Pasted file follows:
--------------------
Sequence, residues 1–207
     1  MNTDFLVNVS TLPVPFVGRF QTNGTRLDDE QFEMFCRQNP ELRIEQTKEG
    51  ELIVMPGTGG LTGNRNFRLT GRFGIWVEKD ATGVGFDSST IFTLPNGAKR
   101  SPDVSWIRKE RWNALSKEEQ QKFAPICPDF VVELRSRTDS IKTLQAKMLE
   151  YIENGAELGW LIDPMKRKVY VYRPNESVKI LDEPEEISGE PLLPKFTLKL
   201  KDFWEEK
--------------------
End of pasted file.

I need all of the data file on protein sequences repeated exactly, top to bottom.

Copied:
Sequence, residues 1–207
     1  MNTDFLVNVS TLPVPFVGRF QTNGTRLDDE QFEMFCRQNP ELRIEQTKEG
    51  ELIVMPGTGG LTGNRNFRLT GRFGIWVEKD ATGVGFDSST IFTLPNGAKR
   101  SPDVSWIRKE RWNALSKEEQ QKFAPICPDF VVELRSRTDS IKTLQAKMLE
   151  YIENGAELGW LIDPMKRKVY VYRPNESVKI LDEPEEISGE PLLPKFTLKL
   201  KDFWEEK